Updates to Catholic Ecclesiastical Higher Education

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One of the oldest systems of higher education in the world, the Catholic Church is not known for being the first to change. But, for those of you who have kept on the edge of your seat for the last forty yearswe finally have an update to the ecclesiastical educational guidelines of the Holy See. While not much has changed, what we get is one of the most detailed descriptions of pontifical higher education to come out of Vatican City in the last century. 

 

With  this recent apostolic constitution, Veritatis Gaudium (“Joy of Truth”), Pope Francis kept with his tradition of long documents by issuing sixty-five pages outlining the structure of ecclesiastical education and credentials. This canonical, academic law is an update to the shorter, 1979 constitution, Sapientia Christiana

 

Beyond clearly outlining the regulations of ecclesiastical (pontifical) universities and faculties and the structure of the Vatican’s Qualification Framework, Veritatis Gaudium includes new provisions for refugees and distance education.

 

Detailed are three cycles of credentials within four faculty streams sanctioned by through Vatican City’s national authority, the Congregation for Catholic Education. The admission requirement for higher education within the Catholic ecclesiastical system is a leaving certificate from a secondary school, “the qualification required for admission to the civil university of one’s own country” or completion of secondary studies through a minor seminary. Where secondary education is provided at a minor seminary, this can be expected to be a program which aligns with the native national curriculum, requiring any applicable national examinations. These minor seminaries may provide secondary and/or tertiary programs. Minor seminaries which offer only tertiary educational programs are also referred to as “college seminaries.” 

 

See graphic here.

 

Though most streams (Philosophy, Canon Law, and Specialized Studies) follow a 3+2 Baccalaureatus (at least 180 ECTS) and Licentia (at least 120 ECTS) model, the first-cycle degree in Theology (at least 300 ECTS) requires two years of tertiary education in Philosophy before students are allowed to proceed into the first year of the three-year of the Theological stream. This introductory two-year period can be completed in several ways:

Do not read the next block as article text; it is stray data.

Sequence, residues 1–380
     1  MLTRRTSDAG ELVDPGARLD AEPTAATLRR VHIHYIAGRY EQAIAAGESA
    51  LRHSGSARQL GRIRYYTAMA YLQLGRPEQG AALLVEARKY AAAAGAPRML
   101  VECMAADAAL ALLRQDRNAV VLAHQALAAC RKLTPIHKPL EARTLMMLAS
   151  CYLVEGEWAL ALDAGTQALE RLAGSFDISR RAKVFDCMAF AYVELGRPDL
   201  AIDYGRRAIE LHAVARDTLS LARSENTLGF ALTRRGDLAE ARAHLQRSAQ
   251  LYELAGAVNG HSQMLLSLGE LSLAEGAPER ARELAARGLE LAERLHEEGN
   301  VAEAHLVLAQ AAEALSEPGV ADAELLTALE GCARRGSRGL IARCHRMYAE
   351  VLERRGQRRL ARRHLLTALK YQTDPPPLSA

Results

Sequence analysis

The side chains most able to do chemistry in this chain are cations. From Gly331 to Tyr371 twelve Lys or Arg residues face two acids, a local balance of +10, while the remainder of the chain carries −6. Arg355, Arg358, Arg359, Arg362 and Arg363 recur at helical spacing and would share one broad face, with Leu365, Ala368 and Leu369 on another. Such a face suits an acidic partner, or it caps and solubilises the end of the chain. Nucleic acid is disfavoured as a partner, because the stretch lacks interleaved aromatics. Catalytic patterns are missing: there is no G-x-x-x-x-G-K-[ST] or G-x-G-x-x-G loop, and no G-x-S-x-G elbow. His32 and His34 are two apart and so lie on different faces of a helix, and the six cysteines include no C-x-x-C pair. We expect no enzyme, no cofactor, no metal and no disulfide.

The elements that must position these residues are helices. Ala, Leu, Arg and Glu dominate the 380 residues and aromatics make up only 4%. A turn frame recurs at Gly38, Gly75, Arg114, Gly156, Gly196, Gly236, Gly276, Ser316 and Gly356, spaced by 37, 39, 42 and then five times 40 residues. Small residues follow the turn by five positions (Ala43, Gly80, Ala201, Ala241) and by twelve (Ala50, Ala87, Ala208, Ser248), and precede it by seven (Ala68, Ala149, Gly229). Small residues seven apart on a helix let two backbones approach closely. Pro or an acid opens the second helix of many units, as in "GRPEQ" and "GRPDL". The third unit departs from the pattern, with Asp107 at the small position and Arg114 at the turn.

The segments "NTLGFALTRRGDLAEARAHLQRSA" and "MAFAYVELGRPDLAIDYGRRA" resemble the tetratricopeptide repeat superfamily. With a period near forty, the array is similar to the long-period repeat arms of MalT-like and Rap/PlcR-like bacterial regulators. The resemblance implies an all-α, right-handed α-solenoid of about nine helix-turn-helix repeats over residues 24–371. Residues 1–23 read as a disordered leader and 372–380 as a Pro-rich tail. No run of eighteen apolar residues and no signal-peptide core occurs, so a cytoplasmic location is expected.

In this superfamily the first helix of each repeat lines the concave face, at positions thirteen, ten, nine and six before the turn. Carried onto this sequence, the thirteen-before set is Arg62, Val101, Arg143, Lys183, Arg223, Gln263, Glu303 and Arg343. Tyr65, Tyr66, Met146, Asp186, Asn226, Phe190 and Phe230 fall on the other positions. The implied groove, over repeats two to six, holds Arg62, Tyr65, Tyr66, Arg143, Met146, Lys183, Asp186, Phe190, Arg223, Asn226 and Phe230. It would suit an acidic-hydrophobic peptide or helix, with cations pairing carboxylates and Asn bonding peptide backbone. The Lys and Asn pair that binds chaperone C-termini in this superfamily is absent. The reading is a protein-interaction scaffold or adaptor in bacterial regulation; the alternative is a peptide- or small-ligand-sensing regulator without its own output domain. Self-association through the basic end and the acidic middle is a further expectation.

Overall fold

• as part of a 5-year Baccalaureatus in Theology (at least 300 ECTS) 

  • as the first two years toward a Baccalaureatus in Philosophy (at least 180 ECTS) 

  • as a short cycle in a Faculty of Philosophy (at least 120 ECTS) 

  • as part of an institutionally approved program in Philosophy  

 

Licentia  require at least two years (120 ECTS) with the exception of the Licentia in Canon Law, which requires three years of study (at least 180 ECTS). The Length of the (3rd cycle) Doctoratus variesAdmission to a Licentia (2nd cycle) program is contingent upon completion of the Baccalaureatus under a relevant Faculty. Admission to a Doctoratus program requires the completion of the relevant Licentia degree.  

 

In an effort to modernize Catholic ecclesiastical education, “to take into account developments in the area of academic studies in these past decades,” Veritatus Gaudium allows that part of the courses in a plan of study can be completed via distance learning. It also mandates ecclesiastical faculty determine procedures to evaluate the cases of refugees, and people from refugee-like situations, where normal documentation is not possible to provide for the purposes of admission to higher education.  

 

Pope Francis states that this constitution does not replace or change Ex Corde Ecclesiae, issued in the 1990s to provide general norms for Catholic education outside of the Qualification Framework. He presents this apostolic constitution as a response to the pressures of the modern era on theological education. Quoting his 2015 encyclical, Laudato sithe Bishop of Rome writes, “What is taking place today is ‘a great cultural, spiritual and educational challenge, and it will demand that we set out on the long path of renewal.’ This is also the case for ecclesiastical faculties and universities.” 

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